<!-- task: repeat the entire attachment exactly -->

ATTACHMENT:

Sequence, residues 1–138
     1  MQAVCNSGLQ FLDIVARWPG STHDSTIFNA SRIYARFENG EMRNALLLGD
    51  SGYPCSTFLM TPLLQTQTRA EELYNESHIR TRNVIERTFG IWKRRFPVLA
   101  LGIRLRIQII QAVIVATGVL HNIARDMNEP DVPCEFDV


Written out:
Sequence, residues 1–138
     1  MQAVCNSGLQ FLDIVARWPG STHDSTIFNA SRIYARFENG EMRNALLLGD
    51  SGYPCSTFLM TPLLQTQTRA EELYNESHIR TRNVIERTFG IWKRRFPVLA
   101  LGIRLRIQII QAVIVATGVL HNIARDMNEP DVPCEFDV